My head hurts! Is it a migraine or just a normal headache?
Do you often find yourself having trouble deciphering if the pain you’re feeling is just a bad headache or a migraine? Don’t worry — you aren’t alone. Headaches and migraines can be difficult to distinguish, even for practiced healthcare providers.
Being a family medicine physician and migraine sufferer myself, I’ve seen the full spectrum of interesting migraine presentations. Luckily, I have some helpful information you can wrap your head around to make sense of your headaches.
Spotting migraine symptoms
Besides a painful headache, migraines are a complex condition that can cause a wide variety of symptoms. Other common migraine symptoms include:
- Vision changes
- Sensitivity to light or sound
- Alteration in the way things smell
- Increased sensitivity to smells
Symptoms associated with migraine headaches can vary from person to person and from episode to episode. Each migraine can be its own unique gift to the unlucky recipient. Regardless of severity, migraines can last anywhere from 4-72 hours and can have profound impacts on your work, family and social life.
Aura or no aura?
The two most common types of migraines are migraines with or without an aura. An aura acts as an early warning sign that a migraine is starting. This often presents as visual changes such as seeing zigzag lines or flashing lights in the peripheral vision.
Auras can be helpful signals that allow for early treatment of the migraine through medication before it becomes painful, sometimes successfully preventing the migraine from developing altogether.
Unfortunately, migraines without an aura are more common and strike without any warning at all.
Thankfully, we have discovered many triggers for migraines, but keep in mind that not every trigger affects every migraine sufferer. By keeping a headache diary, you can help determine which of the following might be linked to your migraine pattern.
The most common migraine triggers
Changes in routine
Even welcoming changes into your life such as going on vacation or taking time off of work can trigger migraines. Try to stick with the same patterns for meals, exercise and sleep — even on the weekends or vacation.
As hard as stress reduction is to imagine at times, trying to cut down on the worries in your life may be necessary to avoid debilitating migraine patterns. Learn to prioritize what is truly important and what can be delayed or avoided altogether.
For me, saying “no” more often than saying “yes” was hard in the beginning but helped enough with my migraine severity and frequency that it soon became easier.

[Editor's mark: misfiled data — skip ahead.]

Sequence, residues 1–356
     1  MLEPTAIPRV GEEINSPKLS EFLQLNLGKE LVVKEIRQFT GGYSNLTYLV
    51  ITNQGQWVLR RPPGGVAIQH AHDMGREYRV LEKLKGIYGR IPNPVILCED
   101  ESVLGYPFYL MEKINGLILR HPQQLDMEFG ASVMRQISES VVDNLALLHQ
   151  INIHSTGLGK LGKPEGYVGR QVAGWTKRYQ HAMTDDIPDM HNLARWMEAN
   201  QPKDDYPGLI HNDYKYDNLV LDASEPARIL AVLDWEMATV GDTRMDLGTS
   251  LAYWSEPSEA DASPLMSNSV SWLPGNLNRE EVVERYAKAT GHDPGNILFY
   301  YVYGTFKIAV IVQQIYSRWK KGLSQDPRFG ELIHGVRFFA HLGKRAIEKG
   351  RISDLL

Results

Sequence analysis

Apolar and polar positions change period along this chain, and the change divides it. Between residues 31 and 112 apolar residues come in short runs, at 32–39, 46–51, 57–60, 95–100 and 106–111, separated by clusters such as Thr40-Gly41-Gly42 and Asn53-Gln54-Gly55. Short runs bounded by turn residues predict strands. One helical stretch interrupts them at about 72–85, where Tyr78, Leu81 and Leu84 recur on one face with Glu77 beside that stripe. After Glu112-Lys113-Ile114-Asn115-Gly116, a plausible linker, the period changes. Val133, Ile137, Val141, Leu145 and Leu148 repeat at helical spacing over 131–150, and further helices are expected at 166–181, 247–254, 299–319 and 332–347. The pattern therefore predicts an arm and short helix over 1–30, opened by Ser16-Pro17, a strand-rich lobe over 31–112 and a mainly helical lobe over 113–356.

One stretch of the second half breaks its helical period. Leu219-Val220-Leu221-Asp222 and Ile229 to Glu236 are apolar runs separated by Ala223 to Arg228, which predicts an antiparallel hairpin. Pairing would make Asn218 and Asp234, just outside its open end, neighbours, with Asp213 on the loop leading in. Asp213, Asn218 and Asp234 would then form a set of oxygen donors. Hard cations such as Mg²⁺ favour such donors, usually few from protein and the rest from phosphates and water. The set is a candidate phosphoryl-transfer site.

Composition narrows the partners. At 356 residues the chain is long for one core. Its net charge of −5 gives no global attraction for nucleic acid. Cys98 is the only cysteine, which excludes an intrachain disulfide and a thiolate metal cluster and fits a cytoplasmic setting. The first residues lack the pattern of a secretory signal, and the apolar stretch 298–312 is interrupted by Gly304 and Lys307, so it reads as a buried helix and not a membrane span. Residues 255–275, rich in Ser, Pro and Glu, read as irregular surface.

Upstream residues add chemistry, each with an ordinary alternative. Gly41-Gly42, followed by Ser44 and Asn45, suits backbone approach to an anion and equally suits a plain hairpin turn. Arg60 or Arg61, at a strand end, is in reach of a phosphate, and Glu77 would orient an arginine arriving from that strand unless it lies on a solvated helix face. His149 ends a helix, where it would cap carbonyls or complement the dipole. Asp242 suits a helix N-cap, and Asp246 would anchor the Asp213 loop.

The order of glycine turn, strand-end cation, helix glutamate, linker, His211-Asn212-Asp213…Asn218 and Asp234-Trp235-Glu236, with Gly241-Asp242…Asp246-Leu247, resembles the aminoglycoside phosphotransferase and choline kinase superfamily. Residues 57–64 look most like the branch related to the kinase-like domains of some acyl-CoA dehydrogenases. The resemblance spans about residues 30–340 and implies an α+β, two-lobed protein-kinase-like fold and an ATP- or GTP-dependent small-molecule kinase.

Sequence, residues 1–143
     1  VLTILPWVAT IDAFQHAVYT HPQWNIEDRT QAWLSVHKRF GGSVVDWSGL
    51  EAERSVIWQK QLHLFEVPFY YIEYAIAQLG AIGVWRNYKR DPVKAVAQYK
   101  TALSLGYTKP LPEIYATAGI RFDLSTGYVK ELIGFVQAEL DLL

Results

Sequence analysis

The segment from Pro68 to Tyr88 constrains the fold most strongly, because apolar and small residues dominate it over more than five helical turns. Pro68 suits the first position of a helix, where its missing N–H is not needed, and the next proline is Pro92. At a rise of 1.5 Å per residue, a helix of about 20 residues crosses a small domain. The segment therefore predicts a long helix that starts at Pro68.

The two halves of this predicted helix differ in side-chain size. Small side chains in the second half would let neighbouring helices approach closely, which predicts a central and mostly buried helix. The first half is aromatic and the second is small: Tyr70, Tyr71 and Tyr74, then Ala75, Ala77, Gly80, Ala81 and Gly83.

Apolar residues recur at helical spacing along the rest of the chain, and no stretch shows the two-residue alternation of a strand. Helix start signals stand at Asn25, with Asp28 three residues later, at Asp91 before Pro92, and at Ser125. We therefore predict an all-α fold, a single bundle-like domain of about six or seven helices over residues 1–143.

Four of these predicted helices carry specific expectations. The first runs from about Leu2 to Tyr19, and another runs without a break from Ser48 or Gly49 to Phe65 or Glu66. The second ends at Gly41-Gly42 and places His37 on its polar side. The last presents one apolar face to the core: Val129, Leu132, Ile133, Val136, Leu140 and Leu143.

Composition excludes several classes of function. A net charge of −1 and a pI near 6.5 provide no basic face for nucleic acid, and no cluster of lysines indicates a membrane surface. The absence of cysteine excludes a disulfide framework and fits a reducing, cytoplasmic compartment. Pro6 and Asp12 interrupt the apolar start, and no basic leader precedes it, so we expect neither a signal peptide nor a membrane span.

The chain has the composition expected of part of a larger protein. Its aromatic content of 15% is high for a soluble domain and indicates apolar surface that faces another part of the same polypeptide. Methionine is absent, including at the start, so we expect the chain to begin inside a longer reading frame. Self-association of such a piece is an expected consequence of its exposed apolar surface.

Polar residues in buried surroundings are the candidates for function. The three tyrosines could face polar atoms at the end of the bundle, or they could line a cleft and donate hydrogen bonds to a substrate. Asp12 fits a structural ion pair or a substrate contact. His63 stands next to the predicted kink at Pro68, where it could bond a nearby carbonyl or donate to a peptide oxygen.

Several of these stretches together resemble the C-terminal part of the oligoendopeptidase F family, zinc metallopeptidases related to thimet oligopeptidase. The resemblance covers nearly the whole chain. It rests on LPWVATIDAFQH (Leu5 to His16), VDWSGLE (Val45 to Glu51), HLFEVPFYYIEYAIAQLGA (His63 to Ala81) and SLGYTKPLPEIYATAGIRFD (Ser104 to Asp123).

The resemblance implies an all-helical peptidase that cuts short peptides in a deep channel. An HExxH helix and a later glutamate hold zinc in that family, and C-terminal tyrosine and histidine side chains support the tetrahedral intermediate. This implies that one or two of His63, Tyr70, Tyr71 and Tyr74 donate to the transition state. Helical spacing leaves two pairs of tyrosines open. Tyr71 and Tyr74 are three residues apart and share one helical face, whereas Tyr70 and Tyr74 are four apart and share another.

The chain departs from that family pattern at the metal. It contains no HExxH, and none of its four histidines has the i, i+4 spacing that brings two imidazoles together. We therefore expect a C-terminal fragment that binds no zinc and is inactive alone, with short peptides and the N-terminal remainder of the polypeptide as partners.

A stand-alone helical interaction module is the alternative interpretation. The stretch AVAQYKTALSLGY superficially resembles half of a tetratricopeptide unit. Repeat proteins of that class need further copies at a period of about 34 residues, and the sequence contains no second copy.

Both too much and not enough sleep can trigger a migraine. Prioritize keeping the same sleep schedule as often as possible. Remember, at least 7 hours of sleep nightly is preferred.
Drinking more than 3 cups of anything caffeinated per day has been linked to increased migraine frequency. But if you consistently drink more than the recommended amount, don’t quit cold turkey. You will need to slowly cut down on caffeine intake to avoid triggering caffeine-withdrawal headaches.
Women are affected by migraines more often than men specifically due to changes in their female hormones — monthly menstrual cycling is often associated with migraines. The most difficult time for most female migraine sufferers are the early years of menopause.
Certain environmental changes can trigger migraines. Think traveling to a higher altitude, weather changes, strong glares or flickering lights, prolonged exposure to loud noises or bad smells. These can all cause a migraine to develop.
Missing meals triggers migraines for some, so be sure to stick to a regular eating schedule. Certain food additives such as food dyes, MSG (food preservative often found in Asian foods), nitrates (another food preservative found in hot dogs and lunch meat) and aspartame (artificial sweetener found in diet sodas/teas) have all been found to be possible migraine triggers in sensitive persons. Finally, red wine and some soft cheeses like Brie and Camembert contain tyramine, also suspected to be a possible migraine trigger.
Prolonged exposure to technology such as smart phones, tablets and computers can cause eye strain. Prolonged sitting in uncomfortable positions can also lead to muscle strain in the neck and shoulders. Both of these can encourage a migraine to develop.
While regular exercise is generally helpful in migraine prevention, sudden changes in exercise level can have negative implications. For a person who doesn’t regularly exercise, starting boot camp or another high intensity exercise program can be a migraine trigger. Remember to take it slow when beginning any new exercise regime.
Oral contraceptive pills
Headaches and migraines can be a common side effect of oral birth control options. Talk to your primary care physician or OB/GYN about your headache history when deciding which forms of birth control are right for you.
In recent years, many new options for both treatment and prevention of migraines have been released to the market. If the prevention measures listed above still do not bring adequate control to your migraine patterns, follow up with your primary care physician to talk about your options.
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